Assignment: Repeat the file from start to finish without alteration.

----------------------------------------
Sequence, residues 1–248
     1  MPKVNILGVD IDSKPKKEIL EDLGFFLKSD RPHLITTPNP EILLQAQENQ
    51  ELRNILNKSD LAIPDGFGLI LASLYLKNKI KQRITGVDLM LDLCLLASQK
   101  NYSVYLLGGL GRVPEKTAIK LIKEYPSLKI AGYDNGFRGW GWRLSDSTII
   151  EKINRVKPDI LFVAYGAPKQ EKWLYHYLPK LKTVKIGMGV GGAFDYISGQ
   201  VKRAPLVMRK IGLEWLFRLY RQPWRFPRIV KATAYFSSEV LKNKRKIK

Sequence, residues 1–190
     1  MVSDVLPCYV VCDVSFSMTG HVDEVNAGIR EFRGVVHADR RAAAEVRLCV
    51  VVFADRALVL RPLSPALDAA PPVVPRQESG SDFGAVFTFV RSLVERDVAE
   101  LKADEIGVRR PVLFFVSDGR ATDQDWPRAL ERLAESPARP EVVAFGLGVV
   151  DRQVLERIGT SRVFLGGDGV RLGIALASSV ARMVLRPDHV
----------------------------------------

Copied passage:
Sequence, residues 1–248
     1  MPKVNILGVD IDSKPKKEIL EDLGFFLKSD RPHLITTPNP EILLQAQENQ
    51  ELRNILNKSD LAIPDGFGLI LASLYLKNKI KQRITGVDLM LDLCLLASQK
   101  NYSVYLLGGL GRVPEKTAIK LIKEYPSLKI AGYDNGFRGW GWRLSDSTII
   151  EKINRVKPDI LFVAYGAPKQ EKWLYHYLPK LKTVKIGMGV GGAFDYISGQ
   201  VKRAPLVMRK IGLEWLFRLY RQPWRFPRIV KATAYFSSEV LKNKRKIK

Sequence, residues 1–190
     1  MVSDVLPCYV VCDVSFSMTG HVDEVNAGIR EFRGVVHADR RAAAEVRLCV
    51  VVFADRALVL RPLSPALDAA PPVVPRQESG SDFGAVFTFV RSLVERDVAE
   101  LKADEIGVRR PVLFFVSDGR ATDQDWPRAL ERLAESPARP EVVAFGLGVV
   151  DRQVLERIGT SRVFLGGDGV RLGIALASSV ARMVLRPDHV